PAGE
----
Disconnecting from Our World

Food for Thought

Am I an American? Technically yes, but I don’t feel like it. In fact, I don’t feel like Japanese either. I’m not trying to shun national identities; I just don’t feel the urge to identify myself as a member of any country. Being technically American feels fine, but a human being has no choice but to exist within a group.

I recently came across an article about a man who isolated himself on a remote island. It’s a popular fantasy in today’s highly connected world. Everyone feels, from time time, the urge to disconnect from their worlds. In some sense, vacations serve that purpose. The funny thing about this man is that he is active on Instagram. He is physically disconnected but mentally not, which is the state many people find themselves in today because of the pandemic. What would be much harder is to do the opposite; mentally disconnected but physically connected. There are people who do exactly that.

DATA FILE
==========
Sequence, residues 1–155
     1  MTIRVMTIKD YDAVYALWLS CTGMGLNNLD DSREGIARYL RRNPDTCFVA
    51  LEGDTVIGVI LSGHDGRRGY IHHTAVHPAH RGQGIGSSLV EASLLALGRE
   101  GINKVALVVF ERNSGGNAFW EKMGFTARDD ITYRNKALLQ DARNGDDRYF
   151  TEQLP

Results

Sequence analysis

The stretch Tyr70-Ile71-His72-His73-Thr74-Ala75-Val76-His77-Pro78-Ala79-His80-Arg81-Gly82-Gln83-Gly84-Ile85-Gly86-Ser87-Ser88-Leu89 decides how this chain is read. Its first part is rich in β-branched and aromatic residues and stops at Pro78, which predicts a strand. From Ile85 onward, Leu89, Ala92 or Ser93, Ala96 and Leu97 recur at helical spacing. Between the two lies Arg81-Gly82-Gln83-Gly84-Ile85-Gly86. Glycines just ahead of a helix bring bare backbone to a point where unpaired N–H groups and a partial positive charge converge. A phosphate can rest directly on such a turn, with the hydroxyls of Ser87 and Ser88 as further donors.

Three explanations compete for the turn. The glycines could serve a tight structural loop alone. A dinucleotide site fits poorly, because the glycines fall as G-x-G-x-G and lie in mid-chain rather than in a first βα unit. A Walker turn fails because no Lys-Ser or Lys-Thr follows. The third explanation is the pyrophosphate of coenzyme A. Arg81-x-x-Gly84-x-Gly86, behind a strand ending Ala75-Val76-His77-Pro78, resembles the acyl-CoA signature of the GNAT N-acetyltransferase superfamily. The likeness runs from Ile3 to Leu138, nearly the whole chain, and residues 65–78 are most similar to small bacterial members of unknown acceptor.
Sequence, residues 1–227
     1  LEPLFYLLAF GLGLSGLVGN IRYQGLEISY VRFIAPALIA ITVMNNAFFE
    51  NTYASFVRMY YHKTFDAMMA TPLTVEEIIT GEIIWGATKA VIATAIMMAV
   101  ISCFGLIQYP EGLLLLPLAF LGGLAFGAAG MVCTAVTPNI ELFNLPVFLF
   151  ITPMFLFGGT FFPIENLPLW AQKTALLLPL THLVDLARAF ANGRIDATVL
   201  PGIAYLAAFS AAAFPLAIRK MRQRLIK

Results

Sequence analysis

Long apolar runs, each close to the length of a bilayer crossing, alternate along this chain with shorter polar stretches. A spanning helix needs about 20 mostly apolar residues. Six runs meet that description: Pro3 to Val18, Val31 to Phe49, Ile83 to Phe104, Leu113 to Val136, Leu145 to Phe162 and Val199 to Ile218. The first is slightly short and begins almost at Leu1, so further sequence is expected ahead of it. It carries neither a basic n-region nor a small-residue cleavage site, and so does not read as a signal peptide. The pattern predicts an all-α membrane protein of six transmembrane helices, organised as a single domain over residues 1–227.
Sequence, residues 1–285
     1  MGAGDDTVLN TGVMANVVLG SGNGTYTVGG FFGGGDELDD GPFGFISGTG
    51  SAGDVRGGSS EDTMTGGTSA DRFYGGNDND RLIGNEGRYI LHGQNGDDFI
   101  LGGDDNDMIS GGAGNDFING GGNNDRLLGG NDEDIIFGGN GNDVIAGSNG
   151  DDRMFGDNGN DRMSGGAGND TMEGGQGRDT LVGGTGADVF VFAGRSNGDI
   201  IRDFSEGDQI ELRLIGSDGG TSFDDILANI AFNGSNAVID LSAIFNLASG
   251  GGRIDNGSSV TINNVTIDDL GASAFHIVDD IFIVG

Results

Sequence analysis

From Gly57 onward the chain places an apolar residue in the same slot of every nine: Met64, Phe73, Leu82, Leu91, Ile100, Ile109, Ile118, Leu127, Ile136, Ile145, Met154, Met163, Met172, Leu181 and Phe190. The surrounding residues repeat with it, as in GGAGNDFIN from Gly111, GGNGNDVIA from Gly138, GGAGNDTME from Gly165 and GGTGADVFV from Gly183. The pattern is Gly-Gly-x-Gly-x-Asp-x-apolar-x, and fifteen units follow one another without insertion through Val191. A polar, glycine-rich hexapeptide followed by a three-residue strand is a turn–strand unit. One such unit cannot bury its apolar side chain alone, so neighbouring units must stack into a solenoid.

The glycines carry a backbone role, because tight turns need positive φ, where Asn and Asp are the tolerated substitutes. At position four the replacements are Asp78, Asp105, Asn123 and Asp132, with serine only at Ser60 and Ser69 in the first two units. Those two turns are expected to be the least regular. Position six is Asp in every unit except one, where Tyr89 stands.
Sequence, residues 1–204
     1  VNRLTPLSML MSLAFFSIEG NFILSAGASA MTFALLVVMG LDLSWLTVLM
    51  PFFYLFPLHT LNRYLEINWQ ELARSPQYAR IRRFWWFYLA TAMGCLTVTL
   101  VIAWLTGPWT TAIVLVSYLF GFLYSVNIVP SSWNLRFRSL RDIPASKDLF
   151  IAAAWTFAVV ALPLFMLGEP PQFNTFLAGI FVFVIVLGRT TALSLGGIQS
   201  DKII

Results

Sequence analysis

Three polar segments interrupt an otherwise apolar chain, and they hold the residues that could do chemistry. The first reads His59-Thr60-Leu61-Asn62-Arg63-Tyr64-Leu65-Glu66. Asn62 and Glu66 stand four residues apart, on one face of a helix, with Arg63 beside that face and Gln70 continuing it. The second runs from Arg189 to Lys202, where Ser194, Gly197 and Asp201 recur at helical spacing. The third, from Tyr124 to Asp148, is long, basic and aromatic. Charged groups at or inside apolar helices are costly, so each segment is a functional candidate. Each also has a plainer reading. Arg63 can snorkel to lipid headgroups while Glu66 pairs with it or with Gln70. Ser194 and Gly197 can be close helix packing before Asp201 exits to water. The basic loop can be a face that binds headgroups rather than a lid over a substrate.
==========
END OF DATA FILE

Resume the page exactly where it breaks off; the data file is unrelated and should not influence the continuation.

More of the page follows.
Browsing through podcasts in Japanese, I came across one where the hosts interviewed this man who left his job and decided to live in parks. They knew him from high school and were wondering what had happened to him. Through the grapevine, they learned that he could be spotted at a particular park. What followed was a fascinating conversation.

In Japan, someone like him is more likely to join a Zen temple. That is, disconnect only to reconnect to a different group. As long as your identity is tied to any group, the feeling of suffocation is inevitable because who you are can never perfectly align with what the group is. You would always have to suppress part of yourself in order to belong. The cost of belonging, therefore, is a sense of alienation—a feeling that you cannot be yourself or that you have to act like someone you are not.

This homeless Japanese man apparently has no problem surviving without working. He said, any time he feels hungry or thirsty, one way or another, food and water materialize. He has managed to mentally detach from society but has remained connected physically.

I wonder if he would be able to remain detached when he chooses to reconnect, which is the final stage of Zen enlightenment.